Why, as a disabled woman, I wanted face masks and social distancing to stay

(Photo: Unsplash)

As the momentous day arrives, with all but a few restrictions lifting on 19 July, reactions have been mixed and the biggest issue it seems is the removal of all rules surrounding mask use and social distancing.

It's difficult to assess the exact figures of people happy about not wearing a mask as anti-maskers are a noisy lot on social media!

What I've noticed, though, is the amount of people not vulnerable to this virus who have reduced the concerns of many down to either cowardice or bravery.

I have also noticed the triumphalistic response of many church and organisational leaders to the news, who have then reduced the concerns of those voicing them to "we'll still be online", or "maybe it's time to be brave".

Apart from completely misreading what people are saying, they are missing the issues behind those concerns - it is much more than being able to sit in a church building.

I'll start with one fact. Having two vaccines doesn't make you immune, it helps reduce the risk of death and serious illness but it doesn't stop you catching Covid - far from it.

There are many people out there who know they would become seriously disabled due to getting this virus. Others will become more disabled than they already are, and for many chronically ill and vulnerable people it will cause life-changing issues.

We are NOT cowards, this is NOT something to be brave about. We are at risk.

We were hoping that mask and social distancing rules would be kept until the virus was no longer actively circulating, rather than removing them when cases are actively rising. To have kept the rule would have supported those, who like me, are at huge risk of becoming so disabled it would change our lives.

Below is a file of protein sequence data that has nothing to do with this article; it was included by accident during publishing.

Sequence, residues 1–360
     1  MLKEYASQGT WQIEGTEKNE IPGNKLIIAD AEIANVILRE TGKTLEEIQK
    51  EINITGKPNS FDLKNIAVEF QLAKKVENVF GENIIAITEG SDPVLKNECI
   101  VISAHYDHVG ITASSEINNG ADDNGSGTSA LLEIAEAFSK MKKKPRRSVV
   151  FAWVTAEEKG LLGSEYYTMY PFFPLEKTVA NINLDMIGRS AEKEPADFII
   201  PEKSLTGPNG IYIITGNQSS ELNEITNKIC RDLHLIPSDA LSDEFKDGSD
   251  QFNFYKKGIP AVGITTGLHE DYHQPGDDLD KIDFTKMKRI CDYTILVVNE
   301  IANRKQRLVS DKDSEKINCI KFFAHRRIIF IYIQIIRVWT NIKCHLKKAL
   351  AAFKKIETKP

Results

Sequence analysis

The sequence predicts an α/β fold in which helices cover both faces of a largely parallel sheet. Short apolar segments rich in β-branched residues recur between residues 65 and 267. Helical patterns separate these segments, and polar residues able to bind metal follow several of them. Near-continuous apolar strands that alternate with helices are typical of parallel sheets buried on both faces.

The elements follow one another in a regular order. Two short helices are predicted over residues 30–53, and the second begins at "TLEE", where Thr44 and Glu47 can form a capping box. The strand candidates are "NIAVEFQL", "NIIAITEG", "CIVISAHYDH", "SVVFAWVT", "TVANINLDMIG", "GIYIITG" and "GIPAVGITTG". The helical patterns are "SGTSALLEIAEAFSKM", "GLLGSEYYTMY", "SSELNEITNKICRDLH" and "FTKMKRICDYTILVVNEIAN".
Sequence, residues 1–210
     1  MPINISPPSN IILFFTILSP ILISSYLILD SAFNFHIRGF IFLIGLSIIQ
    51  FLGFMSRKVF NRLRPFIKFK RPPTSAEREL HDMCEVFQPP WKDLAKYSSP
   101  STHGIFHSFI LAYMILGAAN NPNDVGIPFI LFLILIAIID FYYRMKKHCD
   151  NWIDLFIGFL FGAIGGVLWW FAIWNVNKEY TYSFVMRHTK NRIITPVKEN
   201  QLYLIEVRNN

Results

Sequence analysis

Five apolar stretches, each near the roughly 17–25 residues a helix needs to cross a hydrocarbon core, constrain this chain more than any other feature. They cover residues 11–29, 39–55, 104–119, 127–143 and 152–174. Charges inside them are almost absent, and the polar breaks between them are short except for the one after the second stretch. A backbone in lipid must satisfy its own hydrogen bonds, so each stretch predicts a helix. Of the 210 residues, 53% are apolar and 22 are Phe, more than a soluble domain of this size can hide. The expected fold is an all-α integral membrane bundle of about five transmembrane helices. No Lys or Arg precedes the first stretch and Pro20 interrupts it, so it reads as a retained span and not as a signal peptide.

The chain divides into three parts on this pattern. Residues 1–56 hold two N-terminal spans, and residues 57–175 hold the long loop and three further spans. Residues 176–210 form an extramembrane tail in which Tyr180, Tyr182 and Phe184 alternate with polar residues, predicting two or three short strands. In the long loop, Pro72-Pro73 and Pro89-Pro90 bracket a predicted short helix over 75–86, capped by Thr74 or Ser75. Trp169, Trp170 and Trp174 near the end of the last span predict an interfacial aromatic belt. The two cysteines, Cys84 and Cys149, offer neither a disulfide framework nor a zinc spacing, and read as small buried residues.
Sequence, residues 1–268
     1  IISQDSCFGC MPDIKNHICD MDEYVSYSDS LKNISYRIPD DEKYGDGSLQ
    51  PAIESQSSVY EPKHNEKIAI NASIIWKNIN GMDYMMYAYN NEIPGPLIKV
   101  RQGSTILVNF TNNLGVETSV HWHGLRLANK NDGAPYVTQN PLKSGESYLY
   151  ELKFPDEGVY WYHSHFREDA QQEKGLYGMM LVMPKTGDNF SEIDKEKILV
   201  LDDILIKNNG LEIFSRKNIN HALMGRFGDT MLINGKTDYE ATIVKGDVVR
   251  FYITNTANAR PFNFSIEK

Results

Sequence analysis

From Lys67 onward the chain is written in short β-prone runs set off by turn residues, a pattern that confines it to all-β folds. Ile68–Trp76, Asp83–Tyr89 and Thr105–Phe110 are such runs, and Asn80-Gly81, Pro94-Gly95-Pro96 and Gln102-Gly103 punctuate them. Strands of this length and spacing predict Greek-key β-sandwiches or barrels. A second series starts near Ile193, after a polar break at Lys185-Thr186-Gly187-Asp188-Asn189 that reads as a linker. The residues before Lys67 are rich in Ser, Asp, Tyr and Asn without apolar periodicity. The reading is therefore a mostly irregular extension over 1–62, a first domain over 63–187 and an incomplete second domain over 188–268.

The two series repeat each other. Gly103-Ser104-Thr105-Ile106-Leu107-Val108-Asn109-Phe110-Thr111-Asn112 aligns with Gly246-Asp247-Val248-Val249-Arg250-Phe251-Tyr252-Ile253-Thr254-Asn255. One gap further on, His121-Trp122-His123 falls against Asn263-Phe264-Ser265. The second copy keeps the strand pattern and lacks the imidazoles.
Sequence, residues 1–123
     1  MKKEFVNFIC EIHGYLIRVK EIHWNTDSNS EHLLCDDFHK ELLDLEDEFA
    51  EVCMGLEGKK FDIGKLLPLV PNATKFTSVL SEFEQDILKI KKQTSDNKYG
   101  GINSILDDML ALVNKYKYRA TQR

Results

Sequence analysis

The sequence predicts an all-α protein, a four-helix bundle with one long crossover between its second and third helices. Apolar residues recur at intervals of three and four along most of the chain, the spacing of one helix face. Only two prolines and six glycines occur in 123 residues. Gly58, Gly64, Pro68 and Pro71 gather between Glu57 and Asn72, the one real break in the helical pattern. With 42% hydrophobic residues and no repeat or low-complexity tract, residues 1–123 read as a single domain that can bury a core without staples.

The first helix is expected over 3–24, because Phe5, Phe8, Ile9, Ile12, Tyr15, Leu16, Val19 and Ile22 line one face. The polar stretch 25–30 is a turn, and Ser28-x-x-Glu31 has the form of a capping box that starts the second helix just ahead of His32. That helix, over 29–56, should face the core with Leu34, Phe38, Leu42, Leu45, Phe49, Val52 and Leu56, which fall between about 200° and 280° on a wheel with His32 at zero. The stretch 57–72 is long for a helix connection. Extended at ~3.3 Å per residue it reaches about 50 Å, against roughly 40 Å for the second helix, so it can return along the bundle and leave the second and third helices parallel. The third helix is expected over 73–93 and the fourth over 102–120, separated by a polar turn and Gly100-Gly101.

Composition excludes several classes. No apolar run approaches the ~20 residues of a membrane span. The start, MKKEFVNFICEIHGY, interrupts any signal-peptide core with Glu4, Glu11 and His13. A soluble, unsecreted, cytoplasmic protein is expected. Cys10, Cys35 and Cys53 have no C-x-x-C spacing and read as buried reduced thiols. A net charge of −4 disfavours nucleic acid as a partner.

It means we can't use public transport, it means we can't be in crowded spaces, it makes work difficult (disabled people are already being denied the ability to work from home and losing their jobs as a result), and for those of us in ministry, it's making ministry much harder with the insistance of being 'in person' for everything. I'm thankful that the organisations I work with are happy to provide the means to join a physical meeting online, but that is oh so rare.

There are also hidden issues to the "we'll still be online" response. There are a lot of churches not remaining online, because they are afraid no one will want to come back.

Other churches now see it as the answer to being accessible rather than making the effort to be accessible in their building too - online is just one expression of accessibility out of many. I fear we may end up with another version of 'them and us', with disabled and chronically ill people siloed and forgotten.

Those not able to come to a building before the pandemic were often forgotten, with no pastoral care or contact. I fear we may go back to this 'out of sight, out of mind' thinking because, well, we're livestreaming! Isn't that enough?

When we hear people voicing their concerns, it would be wiser to listen to those concerns, and include them in future decisions surrounding worship and pastoral care.

Please don't dismiss us with naive comments. And most of all, don't forget us.

I had hoped the only struggle I would have in the return to normality would be how to start wearing shoes again! I was very wrong.

Kay Morgan-Gurr is Chair of Children Matter and Co-Founder of the Additional Needs Alliance, part of the Evangelical Alliance Council. She blogs at www.ThePonderingPlatypus.com. Follow her on Twitter @kaymorgan_gurr